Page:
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A Polar Vortex in July? Not

The views expressed are those of the author and are not necessarily those of Scientific American.


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Years ago on Saturday Night Live, Gilda Radner played a little old lady, Emily Litella, who came onto the Weekend Update news set to deliver an editorial about a burning issue of the day—only she didn’t quite have the correct terminology. She would begin to protest against “busting schoolchildren” when in fact the issue was busing schoolchildren, or about the “deaf penalty” instead of the death penalty. The fake news anchor would politely correct her, she would demure, look at the camera, and say “Never mind.”

So it is with the polar vortex. Since Friday, television news anchors and meteorologists on TV and online have been warning about a polar vortex that was crashing down from the Arctic across Canada and would bring record cold temperatures into the upper central U.S. today, tomorrow and Wednesday. Yes, the very same polar vortex that put the same region, as well as the Northeast, into a deep-freeze this past winter.

The one difference: the record lows would be 52 degrees F, or maybe 50 or 48.

In the name of science, other meteorologists went on Twitter and began to plead with their colleagues to not call this drifting southward of cool air a polar vortex, a few adding their cries to the hashtags #StopPolarVortexAbuse and #NotPolarVortex. Some of the admonishments present serious science. Others are just funny.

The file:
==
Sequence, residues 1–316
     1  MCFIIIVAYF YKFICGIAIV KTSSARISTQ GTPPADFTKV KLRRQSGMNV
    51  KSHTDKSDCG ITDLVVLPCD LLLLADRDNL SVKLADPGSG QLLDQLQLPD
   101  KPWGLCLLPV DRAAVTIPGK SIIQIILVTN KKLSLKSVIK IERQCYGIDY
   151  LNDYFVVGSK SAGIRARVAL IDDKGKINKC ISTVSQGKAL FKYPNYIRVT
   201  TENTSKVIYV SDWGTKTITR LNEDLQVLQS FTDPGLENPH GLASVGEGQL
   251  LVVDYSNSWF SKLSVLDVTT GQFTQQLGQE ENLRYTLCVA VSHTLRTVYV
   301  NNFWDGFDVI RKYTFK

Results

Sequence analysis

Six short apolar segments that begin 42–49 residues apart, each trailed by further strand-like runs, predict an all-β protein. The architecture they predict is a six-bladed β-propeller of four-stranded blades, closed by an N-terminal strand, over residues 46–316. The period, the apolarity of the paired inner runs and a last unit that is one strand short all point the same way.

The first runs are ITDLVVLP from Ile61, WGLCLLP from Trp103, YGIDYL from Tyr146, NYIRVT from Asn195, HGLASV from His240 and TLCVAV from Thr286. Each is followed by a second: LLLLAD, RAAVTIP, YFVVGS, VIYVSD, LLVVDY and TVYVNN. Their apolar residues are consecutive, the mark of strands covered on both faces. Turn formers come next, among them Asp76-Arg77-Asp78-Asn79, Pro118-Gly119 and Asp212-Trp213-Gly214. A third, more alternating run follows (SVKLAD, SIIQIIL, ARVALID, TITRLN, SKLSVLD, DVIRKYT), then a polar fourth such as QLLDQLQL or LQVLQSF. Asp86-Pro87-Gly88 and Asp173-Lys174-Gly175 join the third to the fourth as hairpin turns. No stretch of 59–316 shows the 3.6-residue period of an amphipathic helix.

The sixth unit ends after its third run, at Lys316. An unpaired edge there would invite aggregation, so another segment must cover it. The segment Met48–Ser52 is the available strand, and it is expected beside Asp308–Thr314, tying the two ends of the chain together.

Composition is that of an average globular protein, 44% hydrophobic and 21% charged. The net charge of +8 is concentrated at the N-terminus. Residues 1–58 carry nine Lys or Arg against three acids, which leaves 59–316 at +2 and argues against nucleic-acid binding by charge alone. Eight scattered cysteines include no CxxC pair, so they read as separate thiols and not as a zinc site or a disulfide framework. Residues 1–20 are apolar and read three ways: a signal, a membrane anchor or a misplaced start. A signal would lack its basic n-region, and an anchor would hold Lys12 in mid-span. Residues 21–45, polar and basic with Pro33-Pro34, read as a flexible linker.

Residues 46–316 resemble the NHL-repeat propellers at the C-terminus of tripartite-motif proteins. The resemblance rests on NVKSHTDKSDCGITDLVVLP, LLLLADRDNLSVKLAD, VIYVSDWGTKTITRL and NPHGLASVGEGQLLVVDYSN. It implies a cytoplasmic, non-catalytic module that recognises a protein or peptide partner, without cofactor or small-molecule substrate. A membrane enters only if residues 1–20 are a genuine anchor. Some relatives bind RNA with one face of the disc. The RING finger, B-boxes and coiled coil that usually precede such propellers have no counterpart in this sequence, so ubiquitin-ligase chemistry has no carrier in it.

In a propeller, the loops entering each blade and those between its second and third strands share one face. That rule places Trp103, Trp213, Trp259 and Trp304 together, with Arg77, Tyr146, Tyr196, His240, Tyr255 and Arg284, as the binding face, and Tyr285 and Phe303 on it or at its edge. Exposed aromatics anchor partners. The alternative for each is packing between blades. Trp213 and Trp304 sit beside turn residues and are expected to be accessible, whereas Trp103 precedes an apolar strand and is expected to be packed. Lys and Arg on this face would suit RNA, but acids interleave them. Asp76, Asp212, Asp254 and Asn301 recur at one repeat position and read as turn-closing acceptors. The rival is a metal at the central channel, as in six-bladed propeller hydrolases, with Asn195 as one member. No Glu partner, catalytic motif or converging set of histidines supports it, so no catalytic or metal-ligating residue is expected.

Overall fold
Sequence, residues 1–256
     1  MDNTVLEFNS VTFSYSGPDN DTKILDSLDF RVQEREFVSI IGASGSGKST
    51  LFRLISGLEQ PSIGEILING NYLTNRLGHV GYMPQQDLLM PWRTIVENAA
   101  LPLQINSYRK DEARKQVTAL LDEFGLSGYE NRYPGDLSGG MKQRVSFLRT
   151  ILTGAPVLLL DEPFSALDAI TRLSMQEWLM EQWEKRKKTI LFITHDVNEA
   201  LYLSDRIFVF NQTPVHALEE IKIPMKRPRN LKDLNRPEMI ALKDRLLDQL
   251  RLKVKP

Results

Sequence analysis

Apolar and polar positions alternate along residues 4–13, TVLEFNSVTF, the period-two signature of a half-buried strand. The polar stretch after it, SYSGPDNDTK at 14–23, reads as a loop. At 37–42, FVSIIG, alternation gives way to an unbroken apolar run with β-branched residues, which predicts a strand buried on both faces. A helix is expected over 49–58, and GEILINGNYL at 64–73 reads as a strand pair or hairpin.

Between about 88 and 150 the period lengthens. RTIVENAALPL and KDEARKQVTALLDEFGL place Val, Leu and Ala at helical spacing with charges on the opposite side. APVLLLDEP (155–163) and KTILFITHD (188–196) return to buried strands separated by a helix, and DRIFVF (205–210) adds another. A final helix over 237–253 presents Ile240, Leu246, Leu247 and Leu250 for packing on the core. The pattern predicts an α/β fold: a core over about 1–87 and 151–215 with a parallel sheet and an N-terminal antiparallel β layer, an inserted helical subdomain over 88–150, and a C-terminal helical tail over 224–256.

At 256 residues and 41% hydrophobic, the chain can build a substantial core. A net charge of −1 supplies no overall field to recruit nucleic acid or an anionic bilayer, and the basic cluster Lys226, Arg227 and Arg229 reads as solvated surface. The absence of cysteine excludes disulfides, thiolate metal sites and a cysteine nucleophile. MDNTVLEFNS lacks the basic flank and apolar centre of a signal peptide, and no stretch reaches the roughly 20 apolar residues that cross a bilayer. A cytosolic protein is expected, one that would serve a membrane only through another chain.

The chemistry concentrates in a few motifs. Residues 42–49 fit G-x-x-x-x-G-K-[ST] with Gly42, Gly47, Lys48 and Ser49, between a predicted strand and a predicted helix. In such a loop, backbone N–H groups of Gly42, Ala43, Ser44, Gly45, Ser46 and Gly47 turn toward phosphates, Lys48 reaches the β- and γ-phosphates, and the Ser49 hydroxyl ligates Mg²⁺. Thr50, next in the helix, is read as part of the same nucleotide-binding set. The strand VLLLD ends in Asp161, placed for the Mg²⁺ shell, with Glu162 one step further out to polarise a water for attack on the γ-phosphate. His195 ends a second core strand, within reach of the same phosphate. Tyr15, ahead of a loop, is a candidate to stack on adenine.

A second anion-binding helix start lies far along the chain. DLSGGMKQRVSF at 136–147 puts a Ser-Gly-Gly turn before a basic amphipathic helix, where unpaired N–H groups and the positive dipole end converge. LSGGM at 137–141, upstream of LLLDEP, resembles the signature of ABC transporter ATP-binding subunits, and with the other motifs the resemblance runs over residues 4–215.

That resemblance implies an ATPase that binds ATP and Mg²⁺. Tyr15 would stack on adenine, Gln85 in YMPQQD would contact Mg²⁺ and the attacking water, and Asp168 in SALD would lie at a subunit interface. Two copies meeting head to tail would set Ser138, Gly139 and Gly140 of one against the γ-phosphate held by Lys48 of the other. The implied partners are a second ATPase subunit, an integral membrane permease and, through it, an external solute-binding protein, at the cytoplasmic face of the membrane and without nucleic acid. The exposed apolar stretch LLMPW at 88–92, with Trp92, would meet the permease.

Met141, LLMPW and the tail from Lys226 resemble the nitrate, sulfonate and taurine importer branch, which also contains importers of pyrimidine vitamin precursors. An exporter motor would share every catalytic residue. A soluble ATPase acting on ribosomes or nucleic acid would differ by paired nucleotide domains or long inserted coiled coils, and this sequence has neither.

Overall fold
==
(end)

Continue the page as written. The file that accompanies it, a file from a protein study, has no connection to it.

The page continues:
Seeing the pushback, and perhaps sensing that even the general, nonscientific public had a clue that a “polar vortex” in July was hype—or clickbait, if you prefer online news—many of the media personalities eased away from the term. Trying to make summer lemonade from his colleagues’ lemons, meteorologist Al Roker on the Today show said, “Okay, let’s not call this a polar vortex. Let’s call it a polar invasion.” Cue Emily Litella. Weather.com opted for “polar blast.” The National Weather Service—after several of its regional offices had made forecasts with the term, and had even displayed graphics of the evil vortex—went out of its way to note that the pool of chilly air everyone was fussing about was not a polar vortex.

So what is a polar vortex? How does it affect our weather? And does climate change make it more of a threat (in winter)? See our primer, here, complete with handy diagram. We posted it in January.

Graphic by XNR Productions

Mark Fischetti About the Author: Mark Fischetti is a senior editor at Scientific American who covers energy, environment and sustainability issues. Follow on Twitter @markfischetti.

The views expressed are those of the author and are not necessarily those of Scientific American.





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